If TransCanada still wants to build the Keystone XL pipeline on its newly approved route through Nebraska, the company might have to go through Dennis Witzel first.
Witzel, a retired mail carrier, isn't certain the new pipeline route crosses his 240 acres of corn, beans and grass in central Madison County. TransCanada hasn't shared a tract-level map of the route, and no one from the company has contacted him or, to the best of his knowledge, his neighbors.
But the call could come any day, he says: "We're right in the middle here."
Monday's decision by the Nebraska Public Service Commission — approving the pipeline, but on a different route than the one preferred by TransCanada — raised the developer's stakes considerably if it continues to pursue the project.
TransCanada would have new landowners to deal with, more pumping stations to plan and build, more regulatory red tape to cut and the probability of fresh legal challenges from pipeline opponents, who argue the commission's decision was in error.
CEO Russ Girling said Monday that TransCanada "will conduct a careful review" of the decision "while assessing how the decision would impact the cost and schedule of the project."
The 36-inch, $8 billion oil pipeline would run 1,184 miles from Hardisty, Alberta, to Steele City, Nebraska, where it would connect with the existing Keystone pipeline, carrying Canadian oil sands to the U.S. Gulf Coast. President Donald Trump breathed new life into the project in January.
Its new route through Nebraska, called the mainline alternative, was part of TransCanada's application to the Public Service Commission but drew little attention during the months of public meetings, formal testimony and evidence submission since then.
The reroute closely follows the original Keystone pipeline, which was completed in 2010, in four Nebraska counties: Colfax, Butler, Saline and Jefferson. And it mirrors TransCanada's preferred route for the Keystone XL across most of another four counties: Keya Paha, Boyd, Holt and Antelope.
But landowners in other counties — particularly Seward and Madison — would be be dealing with TransCanada for the first time.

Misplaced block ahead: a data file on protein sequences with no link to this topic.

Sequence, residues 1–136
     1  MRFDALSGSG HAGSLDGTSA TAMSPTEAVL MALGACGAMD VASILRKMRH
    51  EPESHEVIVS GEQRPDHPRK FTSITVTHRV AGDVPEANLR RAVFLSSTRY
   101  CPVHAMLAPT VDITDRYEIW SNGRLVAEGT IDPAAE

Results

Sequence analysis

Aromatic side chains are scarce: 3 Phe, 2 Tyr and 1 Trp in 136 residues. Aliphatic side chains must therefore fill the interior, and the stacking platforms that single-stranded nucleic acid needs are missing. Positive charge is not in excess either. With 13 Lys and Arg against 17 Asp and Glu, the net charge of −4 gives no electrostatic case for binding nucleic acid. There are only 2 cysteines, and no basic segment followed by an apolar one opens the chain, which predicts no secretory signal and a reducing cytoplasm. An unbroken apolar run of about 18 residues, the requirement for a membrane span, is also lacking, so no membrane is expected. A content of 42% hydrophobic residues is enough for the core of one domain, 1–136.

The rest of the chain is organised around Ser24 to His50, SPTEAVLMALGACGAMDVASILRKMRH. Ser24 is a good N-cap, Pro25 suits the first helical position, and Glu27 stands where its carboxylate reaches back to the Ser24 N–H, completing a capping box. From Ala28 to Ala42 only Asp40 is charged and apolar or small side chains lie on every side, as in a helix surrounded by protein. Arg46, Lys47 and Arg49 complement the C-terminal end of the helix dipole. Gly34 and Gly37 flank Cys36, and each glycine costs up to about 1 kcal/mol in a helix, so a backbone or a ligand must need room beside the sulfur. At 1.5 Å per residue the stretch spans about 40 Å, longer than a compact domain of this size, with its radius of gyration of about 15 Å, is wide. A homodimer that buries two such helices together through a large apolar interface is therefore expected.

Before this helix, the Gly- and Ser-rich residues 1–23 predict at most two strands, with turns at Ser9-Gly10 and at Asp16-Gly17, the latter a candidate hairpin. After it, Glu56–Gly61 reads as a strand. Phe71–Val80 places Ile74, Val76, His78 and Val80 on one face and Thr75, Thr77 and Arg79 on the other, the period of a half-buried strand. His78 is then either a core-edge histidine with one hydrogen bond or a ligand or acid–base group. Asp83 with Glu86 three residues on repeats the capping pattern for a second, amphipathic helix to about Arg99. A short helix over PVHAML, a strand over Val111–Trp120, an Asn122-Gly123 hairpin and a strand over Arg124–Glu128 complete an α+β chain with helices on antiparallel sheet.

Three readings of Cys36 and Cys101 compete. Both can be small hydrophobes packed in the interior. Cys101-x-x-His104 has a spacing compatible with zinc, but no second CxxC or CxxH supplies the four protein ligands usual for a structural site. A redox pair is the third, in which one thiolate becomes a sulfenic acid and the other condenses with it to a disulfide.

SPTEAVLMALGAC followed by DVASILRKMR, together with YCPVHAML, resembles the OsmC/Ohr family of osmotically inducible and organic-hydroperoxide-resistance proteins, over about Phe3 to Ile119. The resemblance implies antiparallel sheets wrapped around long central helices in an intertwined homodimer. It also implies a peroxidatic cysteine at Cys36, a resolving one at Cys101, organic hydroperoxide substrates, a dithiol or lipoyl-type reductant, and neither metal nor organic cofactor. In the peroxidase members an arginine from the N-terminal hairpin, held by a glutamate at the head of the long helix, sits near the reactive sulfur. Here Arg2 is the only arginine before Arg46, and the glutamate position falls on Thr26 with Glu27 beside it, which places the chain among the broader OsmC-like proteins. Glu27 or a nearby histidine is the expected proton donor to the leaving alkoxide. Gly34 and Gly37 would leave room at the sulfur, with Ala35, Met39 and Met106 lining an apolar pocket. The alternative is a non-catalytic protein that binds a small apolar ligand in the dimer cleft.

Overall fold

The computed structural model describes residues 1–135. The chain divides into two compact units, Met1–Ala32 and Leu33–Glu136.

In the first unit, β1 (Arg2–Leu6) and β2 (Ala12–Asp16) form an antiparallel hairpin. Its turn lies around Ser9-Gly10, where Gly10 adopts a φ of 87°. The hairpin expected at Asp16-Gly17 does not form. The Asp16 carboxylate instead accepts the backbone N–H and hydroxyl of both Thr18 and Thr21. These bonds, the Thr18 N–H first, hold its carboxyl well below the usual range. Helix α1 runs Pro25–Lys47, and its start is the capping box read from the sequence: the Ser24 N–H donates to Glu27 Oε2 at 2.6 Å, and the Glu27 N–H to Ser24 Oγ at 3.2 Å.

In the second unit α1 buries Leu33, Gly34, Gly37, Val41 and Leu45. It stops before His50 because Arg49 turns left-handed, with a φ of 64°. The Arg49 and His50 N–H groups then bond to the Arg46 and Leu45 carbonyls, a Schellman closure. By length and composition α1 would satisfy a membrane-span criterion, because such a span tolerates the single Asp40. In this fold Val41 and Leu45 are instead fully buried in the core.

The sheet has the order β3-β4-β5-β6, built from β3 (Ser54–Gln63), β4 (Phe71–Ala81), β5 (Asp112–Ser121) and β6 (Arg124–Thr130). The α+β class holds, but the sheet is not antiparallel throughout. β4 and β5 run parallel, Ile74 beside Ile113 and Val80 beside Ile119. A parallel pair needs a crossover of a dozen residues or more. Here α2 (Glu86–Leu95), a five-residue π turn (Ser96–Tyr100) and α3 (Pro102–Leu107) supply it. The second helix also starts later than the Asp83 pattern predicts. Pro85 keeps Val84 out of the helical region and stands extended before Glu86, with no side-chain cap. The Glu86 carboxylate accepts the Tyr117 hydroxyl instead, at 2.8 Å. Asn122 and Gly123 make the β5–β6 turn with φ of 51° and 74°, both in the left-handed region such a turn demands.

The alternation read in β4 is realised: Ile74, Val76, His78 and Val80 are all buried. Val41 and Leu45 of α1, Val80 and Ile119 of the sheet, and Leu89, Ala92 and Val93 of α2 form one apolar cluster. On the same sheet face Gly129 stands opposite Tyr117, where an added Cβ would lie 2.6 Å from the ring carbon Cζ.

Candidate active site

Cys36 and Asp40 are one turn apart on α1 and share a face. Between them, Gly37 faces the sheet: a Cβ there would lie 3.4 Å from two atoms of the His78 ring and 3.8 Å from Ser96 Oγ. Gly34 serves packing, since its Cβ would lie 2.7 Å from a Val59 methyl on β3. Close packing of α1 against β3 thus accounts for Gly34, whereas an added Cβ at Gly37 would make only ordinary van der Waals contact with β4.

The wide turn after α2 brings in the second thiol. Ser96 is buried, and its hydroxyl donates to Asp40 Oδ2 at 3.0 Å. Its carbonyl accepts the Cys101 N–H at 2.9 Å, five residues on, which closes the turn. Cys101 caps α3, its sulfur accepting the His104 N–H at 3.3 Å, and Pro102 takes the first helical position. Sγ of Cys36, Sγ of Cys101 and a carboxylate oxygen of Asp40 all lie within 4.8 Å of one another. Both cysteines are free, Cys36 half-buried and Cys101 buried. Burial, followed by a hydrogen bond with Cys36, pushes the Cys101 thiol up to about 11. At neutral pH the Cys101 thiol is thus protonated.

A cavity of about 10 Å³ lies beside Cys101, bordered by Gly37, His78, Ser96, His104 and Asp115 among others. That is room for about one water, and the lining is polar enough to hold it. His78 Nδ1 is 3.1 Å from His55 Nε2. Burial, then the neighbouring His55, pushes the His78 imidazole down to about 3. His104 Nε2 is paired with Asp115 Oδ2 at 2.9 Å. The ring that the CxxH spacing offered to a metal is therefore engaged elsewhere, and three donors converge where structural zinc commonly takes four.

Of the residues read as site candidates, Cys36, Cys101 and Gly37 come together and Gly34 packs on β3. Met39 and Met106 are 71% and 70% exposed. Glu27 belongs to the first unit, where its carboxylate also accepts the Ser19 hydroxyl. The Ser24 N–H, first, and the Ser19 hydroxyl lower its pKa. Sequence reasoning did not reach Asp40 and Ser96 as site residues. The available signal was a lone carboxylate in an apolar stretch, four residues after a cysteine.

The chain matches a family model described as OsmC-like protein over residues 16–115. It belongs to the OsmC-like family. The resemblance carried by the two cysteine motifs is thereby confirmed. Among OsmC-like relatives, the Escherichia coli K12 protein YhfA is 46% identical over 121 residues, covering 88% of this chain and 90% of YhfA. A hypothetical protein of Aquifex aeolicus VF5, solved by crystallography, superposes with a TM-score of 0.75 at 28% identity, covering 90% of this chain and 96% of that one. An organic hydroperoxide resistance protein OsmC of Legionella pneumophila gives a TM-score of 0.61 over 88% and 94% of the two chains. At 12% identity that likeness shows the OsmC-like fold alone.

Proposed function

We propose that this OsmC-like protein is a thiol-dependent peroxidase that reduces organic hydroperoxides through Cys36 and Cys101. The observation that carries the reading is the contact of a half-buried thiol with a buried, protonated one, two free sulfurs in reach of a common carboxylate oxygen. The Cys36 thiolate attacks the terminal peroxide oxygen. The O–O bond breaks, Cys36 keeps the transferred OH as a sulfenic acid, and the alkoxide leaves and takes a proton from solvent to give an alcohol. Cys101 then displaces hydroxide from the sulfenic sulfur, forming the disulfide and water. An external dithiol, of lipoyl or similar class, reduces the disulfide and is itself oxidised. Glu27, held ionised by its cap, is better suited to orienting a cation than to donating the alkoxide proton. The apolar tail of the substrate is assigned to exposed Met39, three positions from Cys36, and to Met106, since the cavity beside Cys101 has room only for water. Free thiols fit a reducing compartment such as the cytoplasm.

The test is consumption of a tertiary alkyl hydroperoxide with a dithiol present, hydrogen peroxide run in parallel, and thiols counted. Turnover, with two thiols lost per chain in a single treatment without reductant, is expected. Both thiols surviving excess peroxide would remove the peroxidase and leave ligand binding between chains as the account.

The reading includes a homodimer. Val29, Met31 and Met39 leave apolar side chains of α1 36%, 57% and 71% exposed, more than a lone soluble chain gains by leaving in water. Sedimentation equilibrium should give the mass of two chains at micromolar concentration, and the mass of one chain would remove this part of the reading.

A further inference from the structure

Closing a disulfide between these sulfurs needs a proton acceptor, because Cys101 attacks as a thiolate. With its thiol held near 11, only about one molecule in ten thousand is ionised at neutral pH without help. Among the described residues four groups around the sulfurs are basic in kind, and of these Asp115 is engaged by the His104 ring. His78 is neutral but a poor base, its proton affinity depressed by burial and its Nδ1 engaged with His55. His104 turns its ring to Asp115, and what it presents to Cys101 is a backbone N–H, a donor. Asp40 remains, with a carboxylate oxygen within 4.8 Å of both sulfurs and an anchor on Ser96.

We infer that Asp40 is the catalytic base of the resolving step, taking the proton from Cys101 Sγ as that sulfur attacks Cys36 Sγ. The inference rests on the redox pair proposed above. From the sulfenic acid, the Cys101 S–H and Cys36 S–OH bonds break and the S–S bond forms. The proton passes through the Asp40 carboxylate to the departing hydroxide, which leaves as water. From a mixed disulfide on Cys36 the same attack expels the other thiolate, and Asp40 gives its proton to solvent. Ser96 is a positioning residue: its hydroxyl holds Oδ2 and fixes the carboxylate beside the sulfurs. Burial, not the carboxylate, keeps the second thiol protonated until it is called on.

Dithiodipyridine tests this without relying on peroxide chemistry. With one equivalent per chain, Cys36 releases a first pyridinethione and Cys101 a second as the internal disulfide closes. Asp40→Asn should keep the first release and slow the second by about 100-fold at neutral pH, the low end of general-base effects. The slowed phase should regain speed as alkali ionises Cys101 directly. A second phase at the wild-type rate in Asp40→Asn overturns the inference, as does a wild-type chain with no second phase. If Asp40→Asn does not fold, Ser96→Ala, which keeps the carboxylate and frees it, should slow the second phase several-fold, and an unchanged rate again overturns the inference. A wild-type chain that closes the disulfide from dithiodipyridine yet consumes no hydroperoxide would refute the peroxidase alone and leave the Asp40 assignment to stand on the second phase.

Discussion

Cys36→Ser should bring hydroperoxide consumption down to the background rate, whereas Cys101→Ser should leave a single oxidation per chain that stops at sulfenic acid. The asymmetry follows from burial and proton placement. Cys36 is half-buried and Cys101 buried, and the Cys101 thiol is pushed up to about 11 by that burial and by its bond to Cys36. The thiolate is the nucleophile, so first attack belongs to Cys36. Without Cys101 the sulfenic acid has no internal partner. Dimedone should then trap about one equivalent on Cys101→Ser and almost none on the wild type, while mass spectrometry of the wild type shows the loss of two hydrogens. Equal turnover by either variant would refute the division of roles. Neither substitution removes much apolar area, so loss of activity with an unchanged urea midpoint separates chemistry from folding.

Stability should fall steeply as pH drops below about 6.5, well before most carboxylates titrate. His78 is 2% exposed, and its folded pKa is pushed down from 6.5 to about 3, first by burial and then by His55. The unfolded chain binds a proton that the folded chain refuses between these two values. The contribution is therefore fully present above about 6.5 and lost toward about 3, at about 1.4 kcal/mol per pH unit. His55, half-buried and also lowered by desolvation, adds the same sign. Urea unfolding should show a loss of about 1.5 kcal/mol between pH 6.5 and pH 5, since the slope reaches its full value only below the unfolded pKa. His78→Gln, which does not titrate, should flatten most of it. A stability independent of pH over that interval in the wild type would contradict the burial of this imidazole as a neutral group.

The number of those landowners almost certainly exceeds 40, the estimate given by TransCanada consultant Jon Schmidt during a formal hearing in August. Schmidt's comments weren't clear, based on the transcript from that hearing.
It is also unclear how many new easements TransCanada would need to negotiate with landowners in places where the Keystone XL would closely follow the original Keystone pipeline. Some of those easements might accommodate a second pipeline; others don't.
Seward residents Jon and Bonnie Kruse said they avoided being in the Keystone XL's path in part by working with a lawyer, who ensured their easement for the first Keystone prohibited additional pipes. About 90 landowners in their area worked out similar deals, they said.
The Keystone XL would also be subject to a new review by the Nebraska Public Power District, to determine how it could meet the energy needs of the six new pumping stations required by the mainline alternative route.
"We'll have to go through a whole new study," a process that can take months or longer, said Mark Becker, an NPPD spokesman.
TransCanada hasn't said whether it has scouted locations for pumping stations along the reroute. And the company hasn't provided a map that shows precisely which properties the pipeline would cross along the mainline alternative route.
Keystone XL opponents are preparing for another drawn-out battle, trying to identify landowners who might stand in the pipe's new potential path.
They previously accomplished that work on the preferred route by going county-to-county, sleuthing with pencils and hard-copy maps, said Jane Kleeb, founder of the anti-pipeline group Bold Nebraska.
This time, they're enlisting someone with GIS map expertise, and will again hold gatherings in those communities with the hope landowners will show up.
If anyone from TransCanada comes knocking on Dennis Witzel's door, he isn't sure he knows what his answer would be.
"I think probably not," he said. "I don't know why they should be able to take private property for a private entity like that."
"I suppose it depends on the money."
Of course, TransCanada or the pipeline opponents could also appeal the Public Service Commission's decision.
Those involved in the case have 10 days after Monday's order to petition for a rehearing. There is also a 30-day window for the decision to be appealed directly to the Nebraska Court of Appeals.
A third option that would have been available to TransCanada — reapplying with a different route within 60 days — was scuttled by the commission's decision, because it didn't reject the pipeline outright.
Sen. Jim Smith of Papillion, a pipeline backer, said while he hoped for a "much more definitive, straightforward decision" that raised fewer questions, he can find no problem with the process the commission followed in reaching its decision that might invite a legal challenge.
Smith had a hand in crafting that process, the Major Oil Pipeline Siting Act, as a member of the Legislature in 2011.
He wouldn't venture a guess as to how heavily Monday's decision might impact TransCanada's plans.
"This project is billions of dollars in cost, and every day that passes, I'm certain that there's a concern of what it's doing to the financials of their company and also to the relationships with their buyers and suppliers," Smith said.
"It's a very expensive decision to make for TransCanada."
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